When Good Gas Station Coffee Looks Bad

December 5, 2012

Does one of these cups scream “cheap” to you? From left, cups from Holiday, McDonald’s, BP and SuperAmerica. [Photo: Evan Taylor]

The surge in coffee culture over the last 20 years has conditioned us to expect good coffee, no matter what. And we’re usually not disappointed — you can travel just about anywhere these days and never be far from a good coffee shop, whether it’s a Caribou, a Starbucks or a locally owned shop in even the smallest town.

One great ripple effect is the improvement in coffee at gas stations and fast-food joints. Most of the big gas station chains — OK, call them convenience stores if you want to be fancy — sell very good coffee, and for about half the price of a coffee shop. I’m a frequent coffee customer of both SuperAmerica and Holiday.

So it was a bit jarring recently when I noticed that SuperAmerica had rolled out a new cup design. It’s a plain, stark, white Styrofoam cup with the SA logo on it. They’d previously been using a rust/brown-colored cup, similar to the one Holiday uses (see photo above).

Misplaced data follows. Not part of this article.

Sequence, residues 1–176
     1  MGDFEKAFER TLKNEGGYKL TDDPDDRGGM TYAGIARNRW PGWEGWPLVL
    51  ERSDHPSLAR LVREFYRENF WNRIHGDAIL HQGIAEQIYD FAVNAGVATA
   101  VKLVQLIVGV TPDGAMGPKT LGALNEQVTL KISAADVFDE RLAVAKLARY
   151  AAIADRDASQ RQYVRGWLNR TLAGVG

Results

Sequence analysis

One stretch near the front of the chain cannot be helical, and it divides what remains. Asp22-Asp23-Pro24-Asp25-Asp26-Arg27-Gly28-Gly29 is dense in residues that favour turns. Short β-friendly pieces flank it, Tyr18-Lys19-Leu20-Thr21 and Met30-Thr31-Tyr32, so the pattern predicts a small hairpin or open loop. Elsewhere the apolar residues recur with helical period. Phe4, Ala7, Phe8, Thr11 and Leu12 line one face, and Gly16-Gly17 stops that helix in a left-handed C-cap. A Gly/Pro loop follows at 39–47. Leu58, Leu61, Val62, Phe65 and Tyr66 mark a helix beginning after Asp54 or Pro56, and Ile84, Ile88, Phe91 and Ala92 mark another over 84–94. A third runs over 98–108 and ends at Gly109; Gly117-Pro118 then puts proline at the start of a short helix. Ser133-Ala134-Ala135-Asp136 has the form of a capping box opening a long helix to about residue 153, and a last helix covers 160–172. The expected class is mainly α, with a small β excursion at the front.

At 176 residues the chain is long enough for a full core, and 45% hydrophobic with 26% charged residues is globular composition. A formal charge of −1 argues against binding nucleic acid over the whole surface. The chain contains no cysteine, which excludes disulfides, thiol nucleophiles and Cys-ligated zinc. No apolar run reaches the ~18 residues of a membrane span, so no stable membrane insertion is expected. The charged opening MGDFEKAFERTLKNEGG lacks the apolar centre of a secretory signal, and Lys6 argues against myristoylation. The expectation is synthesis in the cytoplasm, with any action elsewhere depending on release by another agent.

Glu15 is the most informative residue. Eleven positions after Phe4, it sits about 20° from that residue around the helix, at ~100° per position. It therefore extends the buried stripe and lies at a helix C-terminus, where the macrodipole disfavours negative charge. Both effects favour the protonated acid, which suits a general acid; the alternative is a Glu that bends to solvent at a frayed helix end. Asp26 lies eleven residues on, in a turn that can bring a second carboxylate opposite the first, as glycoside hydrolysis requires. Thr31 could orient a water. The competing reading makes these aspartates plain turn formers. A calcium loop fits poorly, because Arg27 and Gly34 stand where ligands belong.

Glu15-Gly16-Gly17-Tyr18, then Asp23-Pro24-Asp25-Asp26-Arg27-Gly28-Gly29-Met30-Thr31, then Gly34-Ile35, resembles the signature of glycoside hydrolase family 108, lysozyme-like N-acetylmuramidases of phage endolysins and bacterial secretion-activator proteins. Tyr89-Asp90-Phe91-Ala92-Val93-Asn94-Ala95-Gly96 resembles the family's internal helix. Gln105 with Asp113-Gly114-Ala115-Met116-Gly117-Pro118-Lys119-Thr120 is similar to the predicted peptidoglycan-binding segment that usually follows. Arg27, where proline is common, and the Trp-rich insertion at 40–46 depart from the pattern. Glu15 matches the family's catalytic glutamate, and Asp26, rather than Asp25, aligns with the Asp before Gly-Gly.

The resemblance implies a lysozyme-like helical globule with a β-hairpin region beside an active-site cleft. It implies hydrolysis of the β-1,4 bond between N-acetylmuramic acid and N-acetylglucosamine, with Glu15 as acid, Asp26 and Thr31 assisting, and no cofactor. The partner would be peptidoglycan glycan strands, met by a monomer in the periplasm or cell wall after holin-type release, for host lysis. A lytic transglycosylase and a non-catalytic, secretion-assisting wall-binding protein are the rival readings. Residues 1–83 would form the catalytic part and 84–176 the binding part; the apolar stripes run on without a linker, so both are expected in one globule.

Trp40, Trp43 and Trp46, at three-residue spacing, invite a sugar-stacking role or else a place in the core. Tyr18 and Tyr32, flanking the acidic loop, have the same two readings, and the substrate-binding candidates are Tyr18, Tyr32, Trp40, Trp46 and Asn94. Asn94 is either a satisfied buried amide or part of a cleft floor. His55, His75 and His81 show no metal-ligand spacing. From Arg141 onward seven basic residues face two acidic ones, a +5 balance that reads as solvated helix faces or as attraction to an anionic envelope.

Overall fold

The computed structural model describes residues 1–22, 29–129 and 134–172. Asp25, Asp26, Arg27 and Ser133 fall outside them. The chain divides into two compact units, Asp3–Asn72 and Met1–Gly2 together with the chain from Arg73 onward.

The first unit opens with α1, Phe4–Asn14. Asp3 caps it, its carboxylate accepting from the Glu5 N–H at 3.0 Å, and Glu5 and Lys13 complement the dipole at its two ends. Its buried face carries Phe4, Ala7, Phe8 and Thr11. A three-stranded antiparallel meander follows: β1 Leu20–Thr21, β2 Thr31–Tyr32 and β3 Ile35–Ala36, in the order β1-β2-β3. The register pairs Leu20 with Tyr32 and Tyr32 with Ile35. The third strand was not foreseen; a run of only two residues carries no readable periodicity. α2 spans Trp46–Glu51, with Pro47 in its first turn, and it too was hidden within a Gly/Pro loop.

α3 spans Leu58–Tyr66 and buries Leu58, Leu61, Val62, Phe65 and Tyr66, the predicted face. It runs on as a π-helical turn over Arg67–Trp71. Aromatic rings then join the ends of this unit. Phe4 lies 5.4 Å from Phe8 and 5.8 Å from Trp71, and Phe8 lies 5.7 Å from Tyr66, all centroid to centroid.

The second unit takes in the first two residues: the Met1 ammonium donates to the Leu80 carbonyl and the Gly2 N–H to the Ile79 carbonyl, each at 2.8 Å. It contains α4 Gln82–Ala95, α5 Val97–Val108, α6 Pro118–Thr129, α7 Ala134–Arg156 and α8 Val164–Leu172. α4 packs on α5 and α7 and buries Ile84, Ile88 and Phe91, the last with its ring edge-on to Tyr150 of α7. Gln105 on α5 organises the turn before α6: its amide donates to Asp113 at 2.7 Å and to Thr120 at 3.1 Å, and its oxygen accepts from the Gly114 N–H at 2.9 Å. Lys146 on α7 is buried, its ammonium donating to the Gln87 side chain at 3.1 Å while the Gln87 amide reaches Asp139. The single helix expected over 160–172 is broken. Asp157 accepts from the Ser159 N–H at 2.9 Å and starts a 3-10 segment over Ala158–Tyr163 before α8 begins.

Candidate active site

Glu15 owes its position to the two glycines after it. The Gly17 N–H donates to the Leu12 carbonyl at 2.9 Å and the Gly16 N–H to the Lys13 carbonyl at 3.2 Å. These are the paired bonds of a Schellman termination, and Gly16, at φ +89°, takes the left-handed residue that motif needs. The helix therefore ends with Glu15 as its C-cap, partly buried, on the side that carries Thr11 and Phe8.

To me, the stark white foam cup screams “cheap gas station coffee.” It doesn’t have any warmth or visual richness or sense of luxury. It’s downscale. It makes their coffee seem less than it is. Really, SA puts out a good cuppa joe. But to me, they’re undercutting it with the cup.

Look at the lineup above. Holiday and McDonald’s both use white foam cups, but they wrap them in a rich, warm-colored wrapper. The other cup is from a BP station. It’s also foam, but it’s done in a sort of elegant, faux-aristocratic design that I guess is meant to evoke images of British country estates. Not my preferred style, but at least they’re striving.

I asked a few of my colleagues for their opinions, and they mostly agreed with me. The dark cups seem more upscale, less like “sludgy, gas station  coffee,” in Jenji’s words. Natalie didn’t take a stand on the aesthetics — but added that from a branding perspective, she understands why SA would go with the white cup. It makes the brand stand out more, she said. It’s clean and uncluttered, with nothing to distract from the logo.

Diane had nothing but universal disdain for the lineup of foam cups: “Not sustainable!” she declared with finality.

What do you think?